By this point, official corruption had become almost a regular feature of life in Long Beach. In 1922, the state Legislature designated Long Beach a city and Reynolds was elected the first mayor. He was promptly indicted on charges of misappropriating funds. When he was found guilty, the clock in the tower at city hall was stopped in protest. When a judge released Reynolds from jail later that year on appeal, almost the entire population turned out to greet him. And the clock was turned back on.
Reynolds' problems were minor compared to those of Mayor Louis Edwards. As Edwards was leaving his home in 1939, patrolman Alvin Dooley, who had been assigned to the booth in front of the mayor's house, fatally shot him and seriously wounded his driver and bodyguard, patrolman James Walsh. Edwards had taken away Dooley's motorcycle and backed Walsh over Dooley in an election for PBA president. Dooley spent 15 years in prison.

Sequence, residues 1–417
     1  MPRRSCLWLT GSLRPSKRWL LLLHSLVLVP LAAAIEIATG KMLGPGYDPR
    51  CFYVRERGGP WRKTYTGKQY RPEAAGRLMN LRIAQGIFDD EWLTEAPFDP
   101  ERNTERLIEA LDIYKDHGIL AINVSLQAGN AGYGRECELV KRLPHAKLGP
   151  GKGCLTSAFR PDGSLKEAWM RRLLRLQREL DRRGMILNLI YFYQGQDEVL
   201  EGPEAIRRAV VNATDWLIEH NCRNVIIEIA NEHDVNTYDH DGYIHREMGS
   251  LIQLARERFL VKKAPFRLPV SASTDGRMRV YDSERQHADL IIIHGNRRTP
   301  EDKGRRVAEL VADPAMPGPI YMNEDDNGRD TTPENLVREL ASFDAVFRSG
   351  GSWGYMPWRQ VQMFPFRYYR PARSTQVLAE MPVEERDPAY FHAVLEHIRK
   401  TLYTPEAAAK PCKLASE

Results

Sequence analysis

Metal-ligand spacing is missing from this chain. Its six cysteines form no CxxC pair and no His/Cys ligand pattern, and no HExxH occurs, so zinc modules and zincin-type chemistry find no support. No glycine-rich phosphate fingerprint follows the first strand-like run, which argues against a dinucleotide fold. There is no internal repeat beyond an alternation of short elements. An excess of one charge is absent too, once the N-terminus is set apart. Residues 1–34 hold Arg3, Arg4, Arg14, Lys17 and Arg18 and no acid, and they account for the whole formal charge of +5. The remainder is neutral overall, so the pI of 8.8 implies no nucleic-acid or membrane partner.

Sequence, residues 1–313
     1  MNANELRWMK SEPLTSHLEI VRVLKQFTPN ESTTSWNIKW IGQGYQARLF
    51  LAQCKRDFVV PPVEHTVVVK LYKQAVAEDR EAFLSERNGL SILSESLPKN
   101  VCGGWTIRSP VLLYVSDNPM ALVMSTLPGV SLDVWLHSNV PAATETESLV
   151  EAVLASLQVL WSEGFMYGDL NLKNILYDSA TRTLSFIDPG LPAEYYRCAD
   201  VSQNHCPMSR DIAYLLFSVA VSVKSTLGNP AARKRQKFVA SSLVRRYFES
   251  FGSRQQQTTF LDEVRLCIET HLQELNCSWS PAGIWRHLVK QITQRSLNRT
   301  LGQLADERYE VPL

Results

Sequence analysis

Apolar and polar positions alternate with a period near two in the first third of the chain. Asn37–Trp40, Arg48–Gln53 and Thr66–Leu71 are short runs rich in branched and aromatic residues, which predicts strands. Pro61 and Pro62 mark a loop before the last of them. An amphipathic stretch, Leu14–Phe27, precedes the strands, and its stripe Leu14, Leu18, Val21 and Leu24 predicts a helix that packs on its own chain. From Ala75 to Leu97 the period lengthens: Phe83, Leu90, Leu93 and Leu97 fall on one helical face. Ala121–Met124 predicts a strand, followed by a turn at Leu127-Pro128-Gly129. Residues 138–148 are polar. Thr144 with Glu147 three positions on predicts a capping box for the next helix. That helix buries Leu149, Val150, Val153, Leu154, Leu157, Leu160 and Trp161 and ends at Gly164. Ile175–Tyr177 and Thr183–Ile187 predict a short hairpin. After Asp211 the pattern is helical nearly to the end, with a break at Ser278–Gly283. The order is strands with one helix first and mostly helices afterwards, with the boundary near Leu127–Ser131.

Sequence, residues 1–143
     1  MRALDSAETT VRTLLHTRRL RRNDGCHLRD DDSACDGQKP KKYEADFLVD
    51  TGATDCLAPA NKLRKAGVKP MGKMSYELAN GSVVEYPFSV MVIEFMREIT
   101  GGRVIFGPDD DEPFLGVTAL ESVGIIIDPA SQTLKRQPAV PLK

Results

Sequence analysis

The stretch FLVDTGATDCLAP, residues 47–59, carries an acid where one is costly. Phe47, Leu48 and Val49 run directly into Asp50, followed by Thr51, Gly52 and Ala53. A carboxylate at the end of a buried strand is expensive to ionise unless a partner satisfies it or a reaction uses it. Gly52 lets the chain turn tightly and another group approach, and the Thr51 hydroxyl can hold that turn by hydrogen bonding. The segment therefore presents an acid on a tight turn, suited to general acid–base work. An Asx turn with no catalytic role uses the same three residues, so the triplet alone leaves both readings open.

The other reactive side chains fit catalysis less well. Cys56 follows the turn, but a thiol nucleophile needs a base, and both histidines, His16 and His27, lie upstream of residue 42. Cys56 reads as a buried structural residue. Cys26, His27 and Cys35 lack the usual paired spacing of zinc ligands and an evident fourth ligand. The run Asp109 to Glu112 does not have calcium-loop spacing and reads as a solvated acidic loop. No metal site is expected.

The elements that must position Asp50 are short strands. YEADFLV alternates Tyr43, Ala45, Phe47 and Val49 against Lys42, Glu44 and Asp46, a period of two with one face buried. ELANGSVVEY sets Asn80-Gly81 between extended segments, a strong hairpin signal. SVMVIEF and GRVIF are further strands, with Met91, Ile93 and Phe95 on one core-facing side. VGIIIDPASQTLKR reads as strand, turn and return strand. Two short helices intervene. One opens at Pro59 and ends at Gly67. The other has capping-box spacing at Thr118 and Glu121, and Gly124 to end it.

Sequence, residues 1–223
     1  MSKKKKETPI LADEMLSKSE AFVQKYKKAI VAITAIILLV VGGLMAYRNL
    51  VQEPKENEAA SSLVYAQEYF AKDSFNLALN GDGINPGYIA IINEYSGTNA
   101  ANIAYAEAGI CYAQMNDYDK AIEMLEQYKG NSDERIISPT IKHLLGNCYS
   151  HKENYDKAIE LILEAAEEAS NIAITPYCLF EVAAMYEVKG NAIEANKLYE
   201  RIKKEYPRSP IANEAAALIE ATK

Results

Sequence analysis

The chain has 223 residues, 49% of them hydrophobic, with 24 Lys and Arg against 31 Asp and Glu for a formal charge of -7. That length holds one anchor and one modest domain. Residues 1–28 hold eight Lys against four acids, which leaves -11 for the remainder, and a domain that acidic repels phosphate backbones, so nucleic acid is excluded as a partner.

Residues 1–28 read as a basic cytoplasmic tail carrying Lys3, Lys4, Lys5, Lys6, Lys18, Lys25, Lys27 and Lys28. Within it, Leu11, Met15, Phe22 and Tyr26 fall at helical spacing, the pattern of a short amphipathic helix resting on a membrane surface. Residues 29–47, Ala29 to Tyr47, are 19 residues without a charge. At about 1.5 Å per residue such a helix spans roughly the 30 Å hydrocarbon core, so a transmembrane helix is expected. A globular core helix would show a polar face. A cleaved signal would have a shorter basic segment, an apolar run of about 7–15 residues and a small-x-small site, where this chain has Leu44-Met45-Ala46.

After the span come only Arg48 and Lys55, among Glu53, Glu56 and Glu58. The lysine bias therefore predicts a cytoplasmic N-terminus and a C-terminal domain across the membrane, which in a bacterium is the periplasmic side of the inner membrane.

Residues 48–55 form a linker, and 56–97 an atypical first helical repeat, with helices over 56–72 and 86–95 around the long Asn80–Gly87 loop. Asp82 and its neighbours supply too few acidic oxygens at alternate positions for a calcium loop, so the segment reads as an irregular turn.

Long Beach's heyday as a resort ended because of cheap air travel and the advent of air conditioning, city historian Roberta Fiore says. ``With air conditioning, people didn't have to escape the city in the summertime and the airplane got them farther away faster,'' she says.
By the '60s and '70s, ``Long Beach got very depressed,'' said Alexandra Karafinas, head of the Long Beach Historical Society. ``The hotels had mental patients in them and welfare recipients. The property values were way down. There were some race riots here.''
Urban renewal began in the late 1970s and the city sported new housing, a new shopping center on Park Avenue and other improvements. ``The renaissance took place in the early '80s,'' Fiore says. ``For example, the Granada Towers was closed in 1975 by court order because it was deemed uninhabitable. In 1980 it was not only reopened as a condominium but it was placed on the National Register of Historic Places.''